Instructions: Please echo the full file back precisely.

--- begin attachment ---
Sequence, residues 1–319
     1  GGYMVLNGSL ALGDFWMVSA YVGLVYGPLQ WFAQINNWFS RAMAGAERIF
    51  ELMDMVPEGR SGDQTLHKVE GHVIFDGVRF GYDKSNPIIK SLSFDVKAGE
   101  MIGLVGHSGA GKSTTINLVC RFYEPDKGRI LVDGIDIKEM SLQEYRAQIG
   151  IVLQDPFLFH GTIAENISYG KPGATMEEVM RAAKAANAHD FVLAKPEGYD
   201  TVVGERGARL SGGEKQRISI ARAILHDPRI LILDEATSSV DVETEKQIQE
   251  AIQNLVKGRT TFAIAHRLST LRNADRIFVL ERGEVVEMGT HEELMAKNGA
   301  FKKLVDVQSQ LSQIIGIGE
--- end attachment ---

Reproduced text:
Sequence, residues 1–319
     1  GGYMVLNGSL ALGDFWMVSA YVGLVYGPLQ WFAQINNWFS RAMAGAERIF
    51  ELMDMVPEGR SGDQTLHKVE GHVIFDGVRF GYDKSNPIIK SLSFDVKAGE
   101  MIGLVGHSGA GKSTTINLVC RFYEPDKGRI LVDGIDIKEM SLQEYRAQIG
   151  IVLQDPFLFH GTIAENISYG KPGATMEEVM RAAKAANAHD FVLAKPEGYD
   201  TVVGERGARL SGGEKQRISI ARAILHDPRI LILDEATSSV DVETEKQIQE
   251  AIQNLVKGRT TFAIAHRLST LRNADRIFVL ERGEVVEMGT HEELMAKNGA
   301  FKKLVDVQSQ LSQIIGIGE